hiatus, however, I couldn’t get past the error display so I contacted
the manufacturer only to get the bad news about the draining memory
and battery problem. Needless to say, I was quite upset because while
it worked, I did like the scale.

Donna Shimazu


#11

Hi John,

When closing down a battery operated item like a scale I can see no
difference between just switching off; or removing the battery. 

It IS possible that removing the battery would have the effect noted.
Many electronic devices nowadays which have some form of inbuilt
’firmware’ program, have a little lithium battery soldered into the
circuit somewhere to provide long term backup for the firmware
memory. The computer you are sitting at has one as do many digital
cameras, personal organisers, central heating controllers etc. If the
internal battery has gone flat, removing the normal batteries will
remove all power from the device and the charge supporting the
firmware will dissipate so allowing the memory to be lost. In normal
use you would never notice this as the normal batteries give all the
power necessary for the memory and, when changing batteries, the
capacitances in the circuit can retain enough power to span the small
interval when the normal batteries are out. The internal batteries
are normally claimed to have a life of about 5 years, more or less,
however, I have known them to fail after only a couple of years.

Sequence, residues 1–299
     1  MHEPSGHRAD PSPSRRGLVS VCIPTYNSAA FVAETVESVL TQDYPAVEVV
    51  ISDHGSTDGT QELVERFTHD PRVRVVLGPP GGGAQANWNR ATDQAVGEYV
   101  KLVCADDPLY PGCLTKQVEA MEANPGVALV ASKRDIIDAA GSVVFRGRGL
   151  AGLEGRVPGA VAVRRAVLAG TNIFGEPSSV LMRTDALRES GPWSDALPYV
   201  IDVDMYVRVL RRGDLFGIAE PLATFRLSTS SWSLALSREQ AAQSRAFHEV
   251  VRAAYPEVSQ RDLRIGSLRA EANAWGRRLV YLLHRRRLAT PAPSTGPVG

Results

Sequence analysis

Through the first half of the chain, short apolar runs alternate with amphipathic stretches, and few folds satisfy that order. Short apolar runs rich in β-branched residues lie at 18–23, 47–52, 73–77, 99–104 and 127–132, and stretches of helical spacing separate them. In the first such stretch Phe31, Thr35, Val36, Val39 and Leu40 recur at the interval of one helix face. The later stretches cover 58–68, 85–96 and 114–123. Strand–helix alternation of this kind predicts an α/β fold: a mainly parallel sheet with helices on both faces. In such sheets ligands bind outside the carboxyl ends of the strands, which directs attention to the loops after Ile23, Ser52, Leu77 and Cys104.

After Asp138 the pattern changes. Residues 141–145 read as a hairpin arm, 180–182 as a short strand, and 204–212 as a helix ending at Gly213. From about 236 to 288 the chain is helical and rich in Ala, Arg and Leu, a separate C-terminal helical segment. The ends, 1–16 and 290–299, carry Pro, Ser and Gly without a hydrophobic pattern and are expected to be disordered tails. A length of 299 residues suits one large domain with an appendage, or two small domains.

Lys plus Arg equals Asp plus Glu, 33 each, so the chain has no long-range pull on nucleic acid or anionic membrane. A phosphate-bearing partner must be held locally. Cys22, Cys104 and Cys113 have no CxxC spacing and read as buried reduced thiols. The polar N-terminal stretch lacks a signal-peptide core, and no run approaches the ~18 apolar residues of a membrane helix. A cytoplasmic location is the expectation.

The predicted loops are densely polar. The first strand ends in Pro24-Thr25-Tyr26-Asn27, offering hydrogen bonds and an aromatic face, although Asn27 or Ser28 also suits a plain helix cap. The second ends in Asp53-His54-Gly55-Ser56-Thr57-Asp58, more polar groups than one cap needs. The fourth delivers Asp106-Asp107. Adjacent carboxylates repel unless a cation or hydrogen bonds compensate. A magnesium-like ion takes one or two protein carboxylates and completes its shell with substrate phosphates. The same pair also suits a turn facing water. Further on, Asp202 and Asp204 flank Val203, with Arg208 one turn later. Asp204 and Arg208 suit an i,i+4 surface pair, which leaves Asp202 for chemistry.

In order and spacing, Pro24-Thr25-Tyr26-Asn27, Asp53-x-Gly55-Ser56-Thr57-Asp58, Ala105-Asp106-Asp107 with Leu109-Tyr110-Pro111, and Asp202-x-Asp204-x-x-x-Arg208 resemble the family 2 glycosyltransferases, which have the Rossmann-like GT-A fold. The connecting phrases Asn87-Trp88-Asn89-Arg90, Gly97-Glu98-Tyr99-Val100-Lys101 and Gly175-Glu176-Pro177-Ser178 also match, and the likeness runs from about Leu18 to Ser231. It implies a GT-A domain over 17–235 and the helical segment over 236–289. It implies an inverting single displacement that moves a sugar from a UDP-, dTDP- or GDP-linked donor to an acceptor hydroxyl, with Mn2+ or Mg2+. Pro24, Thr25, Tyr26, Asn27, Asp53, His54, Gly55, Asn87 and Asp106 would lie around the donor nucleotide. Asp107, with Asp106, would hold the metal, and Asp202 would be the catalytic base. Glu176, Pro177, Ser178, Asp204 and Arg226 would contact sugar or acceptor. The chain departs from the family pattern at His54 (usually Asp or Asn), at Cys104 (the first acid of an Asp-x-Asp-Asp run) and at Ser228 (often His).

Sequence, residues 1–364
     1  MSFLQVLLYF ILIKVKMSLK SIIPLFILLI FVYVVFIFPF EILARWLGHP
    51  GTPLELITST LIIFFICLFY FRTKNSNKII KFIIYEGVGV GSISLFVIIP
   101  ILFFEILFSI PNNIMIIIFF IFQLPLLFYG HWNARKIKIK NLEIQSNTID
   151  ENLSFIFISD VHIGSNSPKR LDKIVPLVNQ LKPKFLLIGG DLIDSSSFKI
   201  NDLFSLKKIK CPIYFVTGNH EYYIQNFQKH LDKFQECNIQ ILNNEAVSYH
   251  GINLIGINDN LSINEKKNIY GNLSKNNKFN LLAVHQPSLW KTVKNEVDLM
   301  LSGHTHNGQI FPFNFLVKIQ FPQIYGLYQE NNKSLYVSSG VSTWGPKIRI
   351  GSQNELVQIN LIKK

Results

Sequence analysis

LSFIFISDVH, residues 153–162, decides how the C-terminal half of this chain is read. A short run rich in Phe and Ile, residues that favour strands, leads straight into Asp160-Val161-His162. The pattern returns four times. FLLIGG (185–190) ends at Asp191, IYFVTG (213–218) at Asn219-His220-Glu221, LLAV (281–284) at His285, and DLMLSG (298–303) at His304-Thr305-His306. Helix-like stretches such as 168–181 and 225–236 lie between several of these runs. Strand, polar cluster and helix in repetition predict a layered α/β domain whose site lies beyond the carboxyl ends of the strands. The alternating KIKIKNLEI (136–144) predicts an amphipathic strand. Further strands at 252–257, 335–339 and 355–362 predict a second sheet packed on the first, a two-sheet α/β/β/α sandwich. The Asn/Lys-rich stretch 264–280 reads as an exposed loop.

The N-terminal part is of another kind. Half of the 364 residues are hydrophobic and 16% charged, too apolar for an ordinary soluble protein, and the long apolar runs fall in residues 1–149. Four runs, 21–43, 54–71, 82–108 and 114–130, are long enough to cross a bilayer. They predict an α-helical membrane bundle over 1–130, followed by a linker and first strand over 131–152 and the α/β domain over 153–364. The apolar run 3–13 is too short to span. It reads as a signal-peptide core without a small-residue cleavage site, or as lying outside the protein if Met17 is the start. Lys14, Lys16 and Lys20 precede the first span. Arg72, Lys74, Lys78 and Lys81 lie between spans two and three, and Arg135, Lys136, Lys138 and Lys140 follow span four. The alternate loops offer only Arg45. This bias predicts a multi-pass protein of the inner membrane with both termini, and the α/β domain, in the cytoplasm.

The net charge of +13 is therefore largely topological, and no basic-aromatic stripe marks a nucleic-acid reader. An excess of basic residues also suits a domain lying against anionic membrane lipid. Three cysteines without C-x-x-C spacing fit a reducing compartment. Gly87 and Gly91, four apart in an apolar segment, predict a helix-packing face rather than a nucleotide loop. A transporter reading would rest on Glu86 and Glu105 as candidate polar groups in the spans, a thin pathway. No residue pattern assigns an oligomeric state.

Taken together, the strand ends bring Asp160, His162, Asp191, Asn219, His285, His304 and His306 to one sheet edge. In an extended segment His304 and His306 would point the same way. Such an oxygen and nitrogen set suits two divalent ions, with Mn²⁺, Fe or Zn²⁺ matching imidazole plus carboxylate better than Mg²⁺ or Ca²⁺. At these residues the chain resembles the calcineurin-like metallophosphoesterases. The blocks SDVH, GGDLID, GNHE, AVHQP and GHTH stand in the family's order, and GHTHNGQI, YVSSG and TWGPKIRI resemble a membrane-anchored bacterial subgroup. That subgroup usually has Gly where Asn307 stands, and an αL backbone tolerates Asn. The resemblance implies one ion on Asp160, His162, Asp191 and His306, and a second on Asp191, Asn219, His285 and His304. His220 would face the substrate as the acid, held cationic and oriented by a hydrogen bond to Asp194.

Basically, anything that is programmable is likely to have a hidden
battery and so, if this scale can be programmed to convert weights
etc. or has a clock on it, it can be assumed to have an internal
battery.

best wishes,
Ian
Ian W Wright
Sheffield UK


#12

Ian

if this scale can be programmed to convert weights etc. or has a
clock on it, it can be assumed to have an internal battery.

So basically, electronic manufactures pretty much control the death
of a product with a fixed internal battery? Kind of like Shareware,
you get 30 days and then you cant use it, only with electronics, you
may get 1 to 5 years depending on battery. So we are more or less
renting the use of these products for a pre-determined amount of
time???

Our only natural gas supplier here in St.Louis kind of did the same
thing, but they finally were caught at it. In certain parts of the
city they installed drive by wireless meter reading devices in the